Recently, I’ve found this wonderful headband pattern and have been churning them out (well, ok, I made two so far, one for a Christmas party gift trade thing and perhaps two others as gifts for my cousins who better not be reading my blog right now). The pattern is called “Irish Hiking Headband”, and you can find the pattern at Isabelle’s site. She’s also responsible for an Irish Hiking Scarf [pdf] pattern, which is equally lovely, but not quite as fast to make.
I have also been hard at work on a scarf for once, the second since my self-imposed 6-month hiatus (after the Dr. Who scarf, that is). I told myself when I cast on that I’d keep it for myself, but there are too many ways this could leave my hands and end up in someone else’s.
Update: I found the pattern, and it’s at Sheep in the City. I will keep the directions up for my own reference, as I’ll want a copy if her website vanishes for some reason! The pattern is a repeat of two rows.
First row: k1 *slip one, k1, psso and knit into the back of the passed over stitch right before dropping it off the left needle* [rep 14 times] k1.
Second row: *p2tog, but purl additionally into the rightmost stitch before dropping the (now two) stitches off the left needle* [rep 15 times].
I’m using a multicolored mystery yarn that I found (unlabeled) at the Knitter’s Underground in Centre Hall, PA. I will take a few pictures when I have access to better lighting and post them. I think it’s a silk or cotton blend, and it annoys me that I can’t tell.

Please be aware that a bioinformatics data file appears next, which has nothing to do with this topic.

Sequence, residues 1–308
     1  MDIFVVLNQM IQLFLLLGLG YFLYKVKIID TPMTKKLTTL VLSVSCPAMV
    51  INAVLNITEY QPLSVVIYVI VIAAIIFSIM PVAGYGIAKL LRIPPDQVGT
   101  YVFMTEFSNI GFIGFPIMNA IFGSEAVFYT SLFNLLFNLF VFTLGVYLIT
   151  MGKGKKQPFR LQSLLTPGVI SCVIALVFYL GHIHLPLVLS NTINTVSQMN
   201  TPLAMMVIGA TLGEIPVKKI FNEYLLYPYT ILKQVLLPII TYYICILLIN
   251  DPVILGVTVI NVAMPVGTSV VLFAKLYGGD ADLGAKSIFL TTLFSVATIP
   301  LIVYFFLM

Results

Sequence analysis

Actually, I guess that leads me to my next point, my apparent wool allergy. I can knit with wool just fine. I can even knit with alpacca, mohair, and many other troublemakers in the wool and natural fiber family. The problem is that I can’t wear most of them against my skin. I mean, I knew I was sensitive to at least some forms of wool, but I never associated the horrible creeping itching sensation with an actual allergy! I guess I never really noticed it until now because I’ve only made small things or items with little skin contact, like scarves and hats and mittens. The hard part that I have to figure out now is to determine what exactly sets my allergy off. Someone made the suggestion of buying small quantities of different fibers and knitting bracelets to see which ones set off the itchiness (and the rash).
Happily, my Patons Merino wool has not caused me any trouble (yet). This makes me happy, since I enjoy knitting with it so!